> It's not ACID1, ACID2, ACID3 compliant


> and JavaScript feature's

Maybe DOM bindings, but Servo ships with bindings to SpiderMonkey, the JS VM used in Gecko, so all of the Language JavaScript should be there.

> I just think that it should have more people so that the Innovation could be faster

Check out the top story on proggit: https://www.reddit.com/r/programming/comments/3rqqvu/mozilla...

Currently we are not testing against our application always, but I sometime try it out and its working aweful.

also on acid2 i get different results every day/week. sometimes i'm good somtimes not.

Yeah servo gets more support, i still think it takes at least another year (or more) to ship it.

> It's not ACID1, ACID2, ACID3 compliant

Huh? Servo has passed Acid1 and Acid2 for, like, a year now. Servo doesn't pass Acid3, of course (although neither does Firefox anymore!).

I mean, I'm not going to claim that Servo is by any means Web compatible yet, primarily due to a long list of bugs and incompletely-implemented features. In terms of feature checklists, though, there's a lot done.

It's not, passing most of the times.

It's unstable. That doesn't mean thats bad.

And Firefox is passing Acid3. And always did.

I mean ACID1 and ACID2 failures are mostly regression that getting fixed a day after but still its not roughly stable.

> It's not, passing most of the times.

Acid1 and Acid2 are reftests. The CI system ensures they continue to pass on every commit. Commits are not merged if they break the Acid tests.

> And Firefox is passing Acid3. And always did.

No, it didn't always pass it. Acid3 didn't even exist when Firefox first came on the scene.

Firefox scores 99/100 for me.

This is a great point. The model probably could have worked, it's just that the framework isn't very desirable. A really easy to point at example of why this is so hard to do: they implemented their own formula for inertial scrolling, since mobile browsers don't really (or didn't at the time) let you interact with scrolling behavior at all in javascript. So simply scrolling through a site written in famo.us felt _off_. It's a small thing, but emblematic of the problems with their approach, in my mind.

Yep. Web tech needs all sorts of layers for all kinds of demanding software, so as long as you build something useful/adoptable, there should be ways to commercialize.

I'm more bullish on WebGL. To meet the desire to do VR, gaming, and data visualization on the web, a lot to be done. We went all in for the data side, and surprise, people with data problems are happy to pay for you to help them finally see it ;-)

Man, famo.us.

I dove in because i try to get a balanced view of things before I make up my mind about things, and there was some stuff in there that I really liked. I tried building something with it, and it didn't really work out.

But even worse was the way that they interacted with their open source community.

It was completely cathedral-style, for a long time. And just as they became more bazaar-like everything dries up from them. Nobody was on irc, nothing on the issue queues. The only thing we heard was more promises for x integration, and y integration.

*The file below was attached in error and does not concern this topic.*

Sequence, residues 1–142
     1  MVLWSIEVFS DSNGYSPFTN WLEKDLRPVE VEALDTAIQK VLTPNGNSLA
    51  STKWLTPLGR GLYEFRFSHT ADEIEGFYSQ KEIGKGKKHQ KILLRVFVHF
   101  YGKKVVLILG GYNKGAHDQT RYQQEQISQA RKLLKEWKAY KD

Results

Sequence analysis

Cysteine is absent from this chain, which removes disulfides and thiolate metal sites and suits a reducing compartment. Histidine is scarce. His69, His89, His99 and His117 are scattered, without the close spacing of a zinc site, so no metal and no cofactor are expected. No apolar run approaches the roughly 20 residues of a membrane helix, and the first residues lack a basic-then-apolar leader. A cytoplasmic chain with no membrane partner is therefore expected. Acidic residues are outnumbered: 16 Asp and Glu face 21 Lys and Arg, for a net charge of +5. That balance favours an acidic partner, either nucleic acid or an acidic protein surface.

Eventually the community got fed up and called them out on it, to which they finally admitted that they had started a complete rewrite behind closed doors to use 'mixed mode' css3d and webgl rendering. 6 months later, they released their new 'engine' rewrite, and an additional 'framework' on top of it, which really did not seem fully baked.

They subsequently made a really big deal of helping found the jquery foundation, and organized a jquerySF conference that had them on stage promising to replace major jquery widgets with drop-in famo.us ones.

And then nothing. Commits stopped, feedback stopped, slack channel was closed. News started filtering out of devs working there leaving one after the other.

The entire thing did teach me some important life lessons, though =) At least there's a few mistakes i won't make again.

Famo.us’ 15 minutes of open source fame have come to an end. JavaScript rendering engine Famo.us has pivoted away from its hardcore open sourced engineering platform which had raised over $31 million. It’s now refocused on commercializing the idea of powerful mobile web apps with a content management system for branded marketing apps.

Yikes. If ever I wanted a paragraph printed on a poster to scare me into working harder, this is probably the one.

"It’s now refocused on commercializing the idea of powerful mobile web apps with a content management system for branded marketing apps."

[buzzword translator activated]

"It's now building another Squarespace."

the bit that made me shudder was "Our mission at Famous is to empower digital marketing professionals to build beautiful branded apps that amplify every aspect of their digital marketing campaigns.". if you believe (as i do) that people just tune out and skim over everything that sounds like "marketese", that says absolutely nothing. surely there are better ways to say the same thing, that actually make people interested in what you have to sell!

It's a little flowery, but what about it is marketese to you? Other than the fact that they're talking to their new audience; terms like "branded app" are specific terms that have meaning to marketers.

what does it actually say? it's all entirely generic, and they're using a boatload of buzzwords to make it sound like there's more there than there actually is. the sad thing is there probably is more there, but that quote (which they've featured prominently on their webpage!) doesn't say it.

I would be wary of assuming the problem was that they didn't work hard enough.

Oh, I'm not saying that it was.

True, but that's generally one thing you can truly control about your work. "Hard enough" could be replace by "smart enough" or a handful of other terms.

Maybe their next pivot will be to print-on-demand motivational posters.